(Bowker Author Biography)

Reviews 3

Booklist Review

Gr. 6^-9. Can sequels work? At the end of Woodson's exquisite landmark novel, I Hadn't Meant to Tell You This (1994), Marie's poor white friend, Lena, runs away with her younger sister, Dion, to escape their abusive father. Now the sisters are on the road in search of home. Disguised as boys, they hitch rides, find shelter where they can, care for each other. Lena, 13, tells it in a quiet, troubled voice. She's protective of her sister, grieving for their dead mother, lonely for her beloved black friend, Marie. In the first novel, the girls' friendship sustained them across racial barriers in a desolate world, but here everything has a glowingly happy ending. Not only are all strangers kind to the runaways--especially an older woman who is everyone's dream grandmother--but Lena calls Marie, whose father overcomes his prejudice about "whitetrash" and gives the runaways a home. What's more, Lena speaks of her own dad like an understanding therapist ("he needs help"). Readers will enjoy Lena's talk about how, like the characters in the The Wizard of Oz, she and Dion do not know their own strength, but the great appeal here is the survival story. After cold and danger, we feel the elemental luxury of shelter: warmth, cleanliness, breakfast, privacy. As in Voigt's Homecoming (1982), these are kids on the road where we live. --Hazel Rochman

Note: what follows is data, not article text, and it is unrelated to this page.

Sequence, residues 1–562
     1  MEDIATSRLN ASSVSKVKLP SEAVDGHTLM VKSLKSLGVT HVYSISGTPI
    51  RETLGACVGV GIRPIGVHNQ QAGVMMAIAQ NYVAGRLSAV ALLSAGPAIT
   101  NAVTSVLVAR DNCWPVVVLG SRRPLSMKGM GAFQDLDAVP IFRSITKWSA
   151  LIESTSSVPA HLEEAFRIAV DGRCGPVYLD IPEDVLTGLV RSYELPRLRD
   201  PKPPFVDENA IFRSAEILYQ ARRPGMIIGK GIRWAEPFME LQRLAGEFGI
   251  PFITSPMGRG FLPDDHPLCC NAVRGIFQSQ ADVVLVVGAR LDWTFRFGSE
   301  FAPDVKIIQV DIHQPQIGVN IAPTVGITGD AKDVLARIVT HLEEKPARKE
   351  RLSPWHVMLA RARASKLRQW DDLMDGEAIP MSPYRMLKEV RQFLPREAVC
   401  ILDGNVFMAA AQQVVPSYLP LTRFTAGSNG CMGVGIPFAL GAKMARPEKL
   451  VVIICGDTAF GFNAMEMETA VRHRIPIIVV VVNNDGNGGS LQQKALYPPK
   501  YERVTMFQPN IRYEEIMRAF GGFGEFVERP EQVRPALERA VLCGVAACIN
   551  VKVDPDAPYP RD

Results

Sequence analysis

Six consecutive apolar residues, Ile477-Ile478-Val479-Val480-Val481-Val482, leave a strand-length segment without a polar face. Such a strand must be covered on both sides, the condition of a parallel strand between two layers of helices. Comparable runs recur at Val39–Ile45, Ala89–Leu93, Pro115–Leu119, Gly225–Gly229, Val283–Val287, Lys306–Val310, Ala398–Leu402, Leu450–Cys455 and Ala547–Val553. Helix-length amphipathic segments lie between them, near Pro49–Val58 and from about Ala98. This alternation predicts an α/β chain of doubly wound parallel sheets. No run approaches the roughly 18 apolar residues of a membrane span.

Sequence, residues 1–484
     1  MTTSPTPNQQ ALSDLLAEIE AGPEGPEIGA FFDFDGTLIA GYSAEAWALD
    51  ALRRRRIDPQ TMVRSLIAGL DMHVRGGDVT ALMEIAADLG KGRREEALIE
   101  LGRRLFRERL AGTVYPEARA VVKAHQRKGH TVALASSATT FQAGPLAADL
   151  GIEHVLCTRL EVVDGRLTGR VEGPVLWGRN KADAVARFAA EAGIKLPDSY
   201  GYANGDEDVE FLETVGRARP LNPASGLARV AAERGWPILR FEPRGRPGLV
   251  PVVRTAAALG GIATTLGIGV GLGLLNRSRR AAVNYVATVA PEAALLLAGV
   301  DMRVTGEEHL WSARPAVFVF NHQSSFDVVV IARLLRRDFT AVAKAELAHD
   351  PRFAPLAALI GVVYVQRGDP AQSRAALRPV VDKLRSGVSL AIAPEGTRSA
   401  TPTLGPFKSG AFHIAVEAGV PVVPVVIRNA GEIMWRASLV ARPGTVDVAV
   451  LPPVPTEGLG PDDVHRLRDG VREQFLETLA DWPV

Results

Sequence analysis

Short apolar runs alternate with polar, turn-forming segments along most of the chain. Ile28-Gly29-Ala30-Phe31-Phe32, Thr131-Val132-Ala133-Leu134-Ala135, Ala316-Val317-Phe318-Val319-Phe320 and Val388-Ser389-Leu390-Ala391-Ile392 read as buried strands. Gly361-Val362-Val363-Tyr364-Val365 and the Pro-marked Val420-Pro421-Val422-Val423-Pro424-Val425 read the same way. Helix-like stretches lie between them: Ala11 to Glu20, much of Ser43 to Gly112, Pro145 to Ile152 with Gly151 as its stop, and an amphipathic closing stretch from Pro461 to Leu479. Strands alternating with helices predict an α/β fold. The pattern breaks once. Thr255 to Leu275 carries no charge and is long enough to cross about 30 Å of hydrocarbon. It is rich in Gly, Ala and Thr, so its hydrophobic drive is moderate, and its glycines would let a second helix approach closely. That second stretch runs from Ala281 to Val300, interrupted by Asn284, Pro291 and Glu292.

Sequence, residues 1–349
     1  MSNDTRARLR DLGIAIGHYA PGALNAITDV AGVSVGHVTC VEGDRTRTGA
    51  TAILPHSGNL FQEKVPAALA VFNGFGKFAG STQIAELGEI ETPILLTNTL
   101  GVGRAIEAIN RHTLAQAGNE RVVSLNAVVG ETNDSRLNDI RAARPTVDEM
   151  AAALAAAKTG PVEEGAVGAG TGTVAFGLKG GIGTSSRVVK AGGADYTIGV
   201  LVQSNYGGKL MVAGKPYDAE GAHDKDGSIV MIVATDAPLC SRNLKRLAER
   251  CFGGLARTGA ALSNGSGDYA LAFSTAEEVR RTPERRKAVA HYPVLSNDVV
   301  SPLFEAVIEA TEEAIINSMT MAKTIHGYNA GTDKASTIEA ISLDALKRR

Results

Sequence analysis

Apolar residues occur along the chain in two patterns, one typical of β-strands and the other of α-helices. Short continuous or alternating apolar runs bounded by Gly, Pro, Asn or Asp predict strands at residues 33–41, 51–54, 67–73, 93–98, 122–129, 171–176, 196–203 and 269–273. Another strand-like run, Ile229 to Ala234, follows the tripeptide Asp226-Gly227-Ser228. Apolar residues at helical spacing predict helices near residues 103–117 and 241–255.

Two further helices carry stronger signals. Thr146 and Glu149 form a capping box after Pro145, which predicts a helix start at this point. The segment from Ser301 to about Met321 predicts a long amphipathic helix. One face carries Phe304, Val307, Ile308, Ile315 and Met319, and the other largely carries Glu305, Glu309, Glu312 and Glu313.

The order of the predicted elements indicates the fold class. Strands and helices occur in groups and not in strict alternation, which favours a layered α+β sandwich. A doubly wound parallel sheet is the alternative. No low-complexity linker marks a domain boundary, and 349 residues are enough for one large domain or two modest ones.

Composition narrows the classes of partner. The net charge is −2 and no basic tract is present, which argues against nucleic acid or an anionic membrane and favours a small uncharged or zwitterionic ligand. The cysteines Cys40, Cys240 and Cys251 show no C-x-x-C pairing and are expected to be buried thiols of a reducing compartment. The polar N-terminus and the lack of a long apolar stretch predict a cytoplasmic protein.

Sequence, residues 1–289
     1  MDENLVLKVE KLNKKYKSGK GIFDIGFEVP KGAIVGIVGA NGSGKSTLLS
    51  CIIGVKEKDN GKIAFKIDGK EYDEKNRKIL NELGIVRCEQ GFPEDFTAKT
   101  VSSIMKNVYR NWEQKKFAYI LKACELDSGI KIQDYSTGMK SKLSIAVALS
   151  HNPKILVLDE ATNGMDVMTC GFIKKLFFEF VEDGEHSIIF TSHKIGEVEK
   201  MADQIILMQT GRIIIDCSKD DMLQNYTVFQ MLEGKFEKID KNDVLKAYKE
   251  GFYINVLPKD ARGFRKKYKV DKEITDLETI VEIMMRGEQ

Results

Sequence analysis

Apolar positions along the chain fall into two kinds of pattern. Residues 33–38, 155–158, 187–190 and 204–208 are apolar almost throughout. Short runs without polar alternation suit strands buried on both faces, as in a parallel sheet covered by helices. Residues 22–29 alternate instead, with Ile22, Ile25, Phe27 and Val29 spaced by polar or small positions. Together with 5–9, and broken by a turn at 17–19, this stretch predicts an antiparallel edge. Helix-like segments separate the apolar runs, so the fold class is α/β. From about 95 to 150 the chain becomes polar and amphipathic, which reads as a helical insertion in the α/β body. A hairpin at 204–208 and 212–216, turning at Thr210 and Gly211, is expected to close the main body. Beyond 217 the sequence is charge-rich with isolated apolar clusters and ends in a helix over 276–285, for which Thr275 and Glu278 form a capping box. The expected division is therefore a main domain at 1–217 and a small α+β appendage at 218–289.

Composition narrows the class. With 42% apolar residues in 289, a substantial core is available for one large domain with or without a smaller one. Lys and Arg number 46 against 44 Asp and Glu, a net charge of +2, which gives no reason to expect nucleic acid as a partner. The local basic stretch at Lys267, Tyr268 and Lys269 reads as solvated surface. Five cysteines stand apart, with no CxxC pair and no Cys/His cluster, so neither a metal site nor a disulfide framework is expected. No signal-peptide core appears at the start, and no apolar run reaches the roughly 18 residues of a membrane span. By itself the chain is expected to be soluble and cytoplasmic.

Publisher's Weekly Review